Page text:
Birdman, a modern day masterpiece

This movie is an intoxicating ride; 10 years from now, people will view it as a classic masterpiece of this decade.

Khalid Rafi February 23, 2015
Birdman has become the latest film to join the likes of 12 Years A Slave, American Beauty and Forrest Gump by winning the Academy Award for Best Picture. While many people are still sulking over Boyhood’s loss, I for one believe the Academy got it right this time. Birdman is Alejandro Gonzalez Inarritu’s masterpiece of our time.

Bold in execution, the film is a technical showpiece that succeeds on just about every level. Birdman is a fascinating behind-the-scenes look into Hollywood, and the psyche of an actor. It’s also a satire on the film industry. While there have been many Hollywood satires – Robert Altman’s The Player is my personal favourite; Ed Wood and Barton Fink are also great lampoons – nothing quite like Birdman has ever made it to our screens before.

At the centre of it all is Michael Keaton, playing the role Riggan Thompson, a washed-up actor known to most people for playing a superhero character previously in a blockbuster movie. Now, however, he struggles to stay relevant and looks to write, direct and star in a theatre adaptation of Raymond Carver’s play, What We Talk About, When We Talk About Love?

Alejandro Gonzalez Inarritu (L) and Michael Keaton (R). Photo: Birdman Official Facebook Page

Inarritu is known for providing us with endless downers and depressing, gritty melodramas like Amores Perros, 21 Grams, Babel, Biutiful. And then he gives us something like Birdman, which is the complete anti-thesis of his previous films. His kinetic and dynamic direction is what guides the movie. He has directed the film with such precision and energy that it boggles the mind. His willingness to take risks is truly impressive.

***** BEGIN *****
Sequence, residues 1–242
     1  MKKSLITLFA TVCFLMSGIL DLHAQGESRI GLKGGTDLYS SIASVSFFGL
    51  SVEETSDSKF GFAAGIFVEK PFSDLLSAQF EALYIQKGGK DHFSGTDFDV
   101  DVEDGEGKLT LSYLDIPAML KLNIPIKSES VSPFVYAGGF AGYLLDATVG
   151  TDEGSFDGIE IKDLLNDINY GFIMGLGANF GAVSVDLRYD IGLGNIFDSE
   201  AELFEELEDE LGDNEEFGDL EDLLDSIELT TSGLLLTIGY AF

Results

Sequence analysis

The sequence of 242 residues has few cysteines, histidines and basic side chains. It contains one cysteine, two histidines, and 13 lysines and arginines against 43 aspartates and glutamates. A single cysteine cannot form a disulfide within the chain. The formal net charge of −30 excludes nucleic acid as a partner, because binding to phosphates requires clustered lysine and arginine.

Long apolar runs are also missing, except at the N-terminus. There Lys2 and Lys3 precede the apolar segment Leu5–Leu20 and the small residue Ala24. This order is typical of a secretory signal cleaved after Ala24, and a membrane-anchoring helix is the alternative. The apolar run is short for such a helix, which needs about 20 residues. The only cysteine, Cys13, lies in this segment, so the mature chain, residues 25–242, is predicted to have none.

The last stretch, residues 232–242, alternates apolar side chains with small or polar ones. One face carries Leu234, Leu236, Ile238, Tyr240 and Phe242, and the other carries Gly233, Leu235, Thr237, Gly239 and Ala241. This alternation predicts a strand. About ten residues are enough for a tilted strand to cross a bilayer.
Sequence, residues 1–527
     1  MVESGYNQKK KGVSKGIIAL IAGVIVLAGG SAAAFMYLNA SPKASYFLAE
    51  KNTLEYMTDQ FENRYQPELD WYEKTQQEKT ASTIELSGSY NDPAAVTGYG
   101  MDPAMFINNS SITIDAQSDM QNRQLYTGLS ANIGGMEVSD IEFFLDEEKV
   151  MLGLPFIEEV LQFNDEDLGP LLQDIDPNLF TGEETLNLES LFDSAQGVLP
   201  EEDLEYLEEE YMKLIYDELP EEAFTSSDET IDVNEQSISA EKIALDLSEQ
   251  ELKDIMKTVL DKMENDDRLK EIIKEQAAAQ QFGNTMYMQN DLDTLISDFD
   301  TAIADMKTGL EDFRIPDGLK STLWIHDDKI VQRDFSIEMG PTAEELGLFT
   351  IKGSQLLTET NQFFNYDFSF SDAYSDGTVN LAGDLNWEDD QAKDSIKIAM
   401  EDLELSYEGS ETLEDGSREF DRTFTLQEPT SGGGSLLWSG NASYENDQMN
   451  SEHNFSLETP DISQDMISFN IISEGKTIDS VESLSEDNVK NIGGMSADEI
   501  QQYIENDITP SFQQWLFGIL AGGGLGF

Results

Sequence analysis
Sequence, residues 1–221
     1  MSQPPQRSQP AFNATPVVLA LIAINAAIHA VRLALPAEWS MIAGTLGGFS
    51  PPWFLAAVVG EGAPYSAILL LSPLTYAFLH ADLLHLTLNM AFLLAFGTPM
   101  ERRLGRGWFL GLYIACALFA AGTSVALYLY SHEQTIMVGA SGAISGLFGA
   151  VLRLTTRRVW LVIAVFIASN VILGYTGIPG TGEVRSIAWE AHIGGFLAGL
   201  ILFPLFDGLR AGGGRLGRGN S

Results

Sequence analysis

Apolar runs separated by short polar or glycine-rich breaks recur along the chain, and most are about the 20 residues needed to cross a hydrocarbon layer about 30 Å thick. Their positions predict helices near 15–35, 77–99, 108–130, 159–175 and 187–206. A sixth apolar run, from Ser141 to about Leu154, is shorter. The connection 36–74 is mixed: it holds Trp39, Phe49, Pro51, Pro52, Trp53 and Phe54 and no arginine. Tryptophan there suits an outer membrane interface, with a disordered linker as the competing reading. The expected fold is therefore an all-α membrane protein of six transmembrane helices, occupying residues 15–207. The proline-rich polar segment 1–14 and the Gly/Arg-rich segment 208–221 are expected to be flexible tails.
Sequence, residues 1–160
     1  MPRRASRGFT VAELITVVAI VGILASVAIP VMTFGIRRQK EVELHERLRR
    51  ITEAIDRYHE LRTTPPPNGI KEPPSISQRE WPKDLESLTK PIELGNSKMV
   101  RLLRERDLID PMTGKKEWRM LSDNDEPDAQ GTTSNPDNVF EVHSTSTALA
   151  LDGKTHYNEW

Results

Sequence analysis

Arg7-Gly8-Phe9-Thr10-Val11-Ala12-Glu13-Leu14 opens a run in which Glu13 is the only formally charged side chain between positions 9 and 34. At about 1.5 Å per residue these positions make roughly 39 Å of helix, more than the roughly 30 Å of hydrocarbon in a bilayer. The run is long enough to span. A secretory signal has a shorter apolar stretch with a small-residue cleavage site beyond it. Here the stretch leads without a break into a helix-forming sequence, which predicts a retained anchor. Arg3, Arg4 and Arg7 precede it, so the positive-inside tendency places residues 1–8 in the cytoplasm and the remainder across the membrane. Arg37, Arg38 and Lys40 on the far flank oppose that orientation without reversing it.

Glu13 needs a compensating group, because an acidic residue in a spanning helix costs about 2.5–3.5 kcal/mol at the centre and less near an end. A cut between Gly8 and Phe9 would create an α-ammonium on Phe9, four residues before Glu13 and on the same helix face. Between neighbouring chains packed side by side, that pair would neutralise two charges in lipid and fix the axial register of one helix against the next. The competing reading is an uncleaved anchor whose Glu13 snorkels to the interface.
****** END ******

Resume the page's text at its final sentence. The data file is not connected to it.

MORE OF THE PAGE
With endless tracking shots and close-ups, it’s directed and edited so beautifully well that it feels like it’s filmed in one long take. It’s great that the Academy decided to award Inarritu with Oscars for both writing and directing because he truly deserved them both. Emmaneul Lubezki’s wonderful cinematography gives the film its visual splendour with vivid, eye-popping imagery.

Michael Keaton’s tour-de-force comeback performance is truly the highlight of the show; this movie is to him what Pulp Fiction was to John Travolta and what The Wrestler was to Mickey Rourke. Sadly, however, he was passed over for the Oscar award, which, in my opinion, is a great injustice. Keaton’s performance is complete in every way; his portrayal of a struggling artist begging for relevance is truly wonderful to watch. What’s great is that Keaton’s character, Riggan, seems to be loosely based on himself as Keaton too was known for playing Batman in the Tim Burton movie and has since then been downgraded to smaller, supporting roles.

Michael Keaton. Photo: Birdman Official Facebook Page

The supporting cast clicks perfectly as well.

Edward Norton chews up the scenery in his show-stealing turn as Riggan’s cynical co-star Mike Shiner. Norton plays a character that is amazing onstage but is a constantly antagonising force behind-the-scenes. I have been a huge fan of Norton ever since I saw Fight Club and this is probably his best performance since American History X.

Edward Norton. Photo: Birdman Official Facebook Page

Emma Stone also turns up a career-best performance playing Riggan’s daughter, who has just gotten out of rehab and is swept up in between everything that is going on.